For years my family tried to get me into a corn maze. They finally succeeded on the pretense of a Girl Scout outing. My daughter cared less about the maze than the accumulation of badges, and she’d already picked out a spot on her green vest for the gigantic ear of corn that symbolized overcoming the challenge. So, after having suffered the actual corn maze, I would be rewarded with the monumental task of affixing the badge to the sash. When she started Girl Scouts we had to choose between the sash and the vest, which held more badges. I’m an optimist, so I bought the sash hoping she’d lose interest after the first year. However, it didn’t look like I’d get my wish. The girl would do anything for a badge. She was so competitive I wouldn’t have been surprised if she got the Gold Medal for crocheting a scarf out of yarn she made herself from sheep she raised in the back yard.
On this corn maze thing, she was taking no prisoners.
Every year before this my family asked me to take them to a corn maze, and every year I found an excuse to say no to that particular brand of asinine and terrifying “family fun.” No good can come from getting lost amid stalks. It’s not that I don’t like corn. Creamed corn, corn on the cob, corn fritters, corn bread, candy corn, cornstarch, corn chips. Love them all. I just don’t understand what is supposed to be fun about getting lost on purpose. This phobia not my fault. I blame Children of the Corn. Or any other horror film. What would a slasher flick be without corn syrup? I also believe that corncob violence during October and November is greatly underreported. It’s a scary food group.
One might get lost in corn, never to be seen or heard from again. Last year, one unfortunate family made national headlines for their panicked 9-1-1 call from the belly of a corn beast. As darkness fell, they were unable to find their way out of a corn maze. This is supposed to be a crop, not wholesome autumn entertainment. But that bit of handy news came too late for me this year. Even if it hadn’t, there was the badge at stake.
Off we went, venturing deep into the Ozark mountains, which are really just hills. Broken down shacks, trailers with corrugated green plastic roofing, and rusted everything made up the scenery on the way to the corn maze. This did little for my confidence in the type of people who ran the place. Would they employ state of the art maze GPS tracking? Not likely. Would they kill us and sell our organs? Perhaps. On the drive in I imagined a whole cottage industry of human spleens harvested among the stalks. We passed through several towns where the only productive thing a person can do is to leave. In one such town was a filling station (that is what they are called in these parts) advertising buffalo meat for sale.
“Oh, sure,” I said, “that’s what they call it. Just don’t get lost in the corn.” Sorry, people of the hills, but it’s not a stretch to think that those who would pickle and eat the foot of a pig might not be squeamish about your tender bicep flesh.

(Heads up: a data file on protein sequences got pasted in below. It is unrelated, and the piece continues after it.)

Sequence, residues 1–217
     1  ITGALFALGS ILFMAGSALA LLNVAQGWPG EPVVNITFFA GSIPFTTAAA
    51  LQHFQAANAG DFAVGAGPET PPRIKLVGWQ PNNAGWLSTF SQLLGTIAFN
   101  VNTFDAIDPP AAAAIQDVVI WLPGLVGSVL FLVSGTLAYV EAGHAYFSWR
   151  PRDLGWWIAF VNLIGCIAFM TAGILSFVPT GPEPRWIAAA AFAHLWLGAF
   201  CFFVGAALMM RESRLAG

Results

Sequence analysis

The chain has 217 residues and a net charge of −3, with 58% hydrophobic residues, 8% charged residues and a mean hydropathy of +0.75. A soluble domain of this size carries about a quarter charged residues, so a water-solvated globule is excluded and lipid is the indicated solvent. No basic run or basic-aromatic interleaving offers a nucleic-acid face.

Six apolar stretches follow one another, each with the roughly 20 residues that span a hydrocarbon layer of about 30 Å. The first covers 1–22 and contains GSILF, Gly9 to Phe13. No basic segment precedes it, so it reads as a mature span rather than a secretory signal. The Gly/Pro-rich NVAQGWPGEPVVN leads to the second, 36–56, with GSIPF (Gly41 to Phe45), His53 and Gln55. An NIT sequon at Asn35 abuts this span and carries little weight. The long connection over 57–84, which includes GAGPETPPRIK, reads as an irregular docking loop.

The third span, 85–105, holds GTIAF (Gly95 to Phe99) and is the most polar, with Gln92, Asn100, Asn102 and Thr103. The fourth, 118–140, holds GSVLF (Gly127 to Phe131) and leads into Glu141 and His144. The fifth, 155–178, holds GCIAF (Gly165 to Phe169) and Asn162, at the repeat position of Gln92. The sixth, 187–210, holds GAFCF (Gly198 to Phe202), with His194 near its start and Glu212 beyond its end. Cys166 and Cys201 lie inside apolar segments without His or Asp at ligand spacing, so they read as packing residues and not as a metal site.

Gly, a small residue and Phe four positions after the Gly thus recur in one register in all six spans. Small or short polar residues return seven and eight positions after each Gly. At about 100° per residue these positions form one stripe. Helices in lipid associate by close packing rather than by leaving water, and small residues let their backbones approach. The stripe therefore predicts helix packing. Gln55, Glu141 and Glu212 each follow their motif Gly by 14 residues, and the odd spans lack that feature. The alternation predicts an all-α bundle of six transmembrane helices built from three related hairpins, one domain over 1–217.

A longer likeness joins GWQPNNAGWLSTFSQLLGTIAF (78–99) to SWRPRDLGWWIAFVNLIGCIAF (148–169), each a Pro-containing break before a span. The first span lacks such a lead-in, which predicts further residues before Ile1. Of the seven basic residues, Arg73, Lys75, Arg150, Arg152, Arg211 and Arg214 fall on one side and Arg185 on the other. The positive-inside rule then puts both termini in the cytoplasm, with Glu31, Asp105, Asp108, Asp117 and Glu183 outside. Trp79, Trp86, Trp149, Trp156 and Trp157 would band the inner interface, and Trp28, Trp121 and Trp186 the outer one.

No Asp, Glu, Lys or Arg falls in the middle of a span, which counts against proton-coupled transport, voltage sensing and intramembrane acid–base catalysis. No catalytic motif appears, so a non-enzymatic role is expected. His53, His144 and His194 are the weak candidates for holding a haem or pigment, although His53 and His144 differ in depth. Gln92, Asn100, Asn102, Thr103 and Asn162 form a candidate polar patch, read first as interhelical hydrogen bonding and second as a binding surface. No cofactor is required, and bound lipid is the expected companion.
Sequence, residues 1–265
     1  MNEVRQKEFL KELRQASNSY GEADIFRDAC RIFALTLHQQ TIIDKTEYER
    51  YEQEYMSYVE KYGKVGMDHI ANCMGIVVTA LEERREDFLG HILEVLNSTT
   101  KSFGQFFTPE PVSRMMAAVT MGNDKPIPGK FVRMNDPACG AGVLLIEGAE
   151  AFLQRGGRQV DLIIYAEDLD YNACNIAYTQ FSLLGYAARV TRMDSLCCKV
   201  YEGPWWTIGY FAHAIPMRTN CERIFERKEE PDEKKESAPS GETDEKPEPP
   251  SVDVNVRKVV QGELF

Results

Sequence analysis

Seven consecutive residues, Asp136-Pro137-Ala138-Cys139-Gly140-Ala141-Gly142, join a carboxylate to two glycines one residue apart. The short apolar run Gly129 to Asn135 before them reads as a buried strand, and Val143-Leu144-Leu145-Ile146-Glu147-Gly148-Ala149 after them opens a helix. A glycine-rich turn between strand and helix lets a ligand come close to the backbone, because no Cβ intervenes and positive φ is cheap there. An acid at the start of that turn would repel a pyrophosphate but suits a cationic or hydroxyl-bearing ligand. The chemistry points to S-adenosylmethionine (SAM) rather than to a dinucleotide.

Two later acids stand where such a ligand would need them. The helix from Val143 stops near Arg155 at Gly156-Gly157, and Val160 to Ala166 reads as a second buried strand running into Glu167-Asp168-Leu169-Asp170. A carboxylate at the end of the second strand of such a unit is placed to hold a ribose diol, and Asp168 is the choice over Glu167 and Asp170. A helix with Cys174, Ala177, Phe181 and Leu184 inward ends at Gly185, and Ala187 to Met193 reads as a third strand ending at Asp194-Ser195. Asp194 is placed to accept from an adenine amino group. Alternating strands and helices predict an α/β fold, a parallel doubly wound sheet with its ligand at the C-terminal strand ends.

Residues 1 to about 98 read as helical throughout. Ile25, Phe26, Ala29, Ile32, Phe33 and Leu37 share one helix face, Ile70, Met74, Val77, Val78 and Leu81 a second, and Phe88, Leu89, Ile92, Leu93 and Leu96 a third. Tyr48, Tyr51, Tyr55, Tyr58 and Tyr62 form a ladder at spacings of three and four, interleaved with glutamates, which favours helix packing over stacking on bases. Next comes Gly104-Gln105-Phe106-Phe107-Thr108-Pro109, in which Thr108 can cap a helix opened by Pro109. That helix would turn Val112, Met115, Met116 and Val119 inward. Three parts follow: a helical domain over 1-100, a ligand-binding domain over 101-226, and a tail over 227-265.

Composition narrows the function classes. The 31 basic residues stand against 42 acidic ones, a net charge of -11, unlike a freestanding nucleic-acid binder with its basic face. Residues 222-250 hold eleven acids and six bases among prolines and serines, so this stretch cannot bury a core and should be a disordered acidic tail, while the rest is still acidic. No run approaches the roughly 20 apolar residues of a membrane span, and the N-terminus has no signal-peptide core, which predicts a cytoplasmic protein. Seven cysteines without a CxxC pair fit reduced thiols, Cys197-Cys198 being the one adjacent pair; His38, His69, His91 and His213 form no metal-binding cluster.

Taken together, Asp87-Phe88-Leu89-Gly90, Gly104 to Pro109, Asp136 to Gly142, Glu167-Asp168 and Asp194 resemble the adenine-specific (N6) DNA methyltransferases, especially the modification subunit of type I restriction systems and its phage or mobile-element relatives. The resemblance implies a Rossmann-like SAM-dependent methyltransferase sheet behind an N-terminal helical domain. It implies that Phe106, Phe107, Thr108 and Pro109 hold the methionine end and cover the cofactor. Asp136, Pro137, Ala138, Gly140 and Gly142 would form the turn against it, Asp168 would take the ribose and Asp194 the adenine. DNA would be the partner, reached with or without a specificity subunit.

No worries. I had a plan. And I had a phone with GPS.
A couple miles from the corn maze, just when I thought I’d found an app that might keep me safe—or at least my next of kin notified of my whereabouts—I lost my signal. The lightning started just as we turned onto the gravel road, and continued to provide dramatic ambiance as we approached the entrance, which happened to be a cemetery. Not a normal cemetery, with smooth cut rocks and tidy rows, but a creepy country ordeal complete with a gnarly old tree and a barbed wire fence. Just in case anyone wanted to break in.
“There sure are a lot of people here,” my husband muttered as we pulled into the parking lot.
“That’s because they’re all lost in the corn maze,” I told him. “It’s like a roach motel for stupid humans.”
My daughter, the sensitive one, said from the back seat. “We’re all gonna die!”
I expected to see a crucifix made of corn husks any minute. Instead, there was a sign advertising hayrides and a petting zoo. I believed it housed the stranded puppies of families who never came out of the corn.
When we found the rest of the troop, I wondered if the leader had Thin Mints and Samosas in her fanny pack. You know, in case we weren’t murdered right off, but had to survive by our wits, hiding from hungry hillbillies and He Who Walks Behind the Rows.
The fates were with us that day. Shortly after we arrived, the corn maze was closed due to the rain. My fear of corn mazes continued, but I wouldn’t have to face it for at least another year. My daughter took a consolation “rainy day” badge that was nearly as large as the corn badge, and just as difficult to sew onto her sash. A few months later she resigned. Any future attempts to convince me to risk my life in rows of corn would not be assisted by the full backing of the Girl Scouts of America. But those crafty corn maze proprietors have come up with a new selling point: going into the maze after dark, with merely a flashlight to guide the way.
Right. I’ll be right over, just as soon as I charge my phone and file this Last Will and Testament.
Lela Davidson is the author of Blacklisted from the PTA, a collection of irreverent essays about motherhood and the modern family. She blogs about marriage, motherhood, and life-after-40 on www.afterthebubbly.com.
Editor’s note: We welcome Lela Davidson to MetroFamily Magazine! She’ll be sharing her humor about the trials and tribulations of motherhood here each month.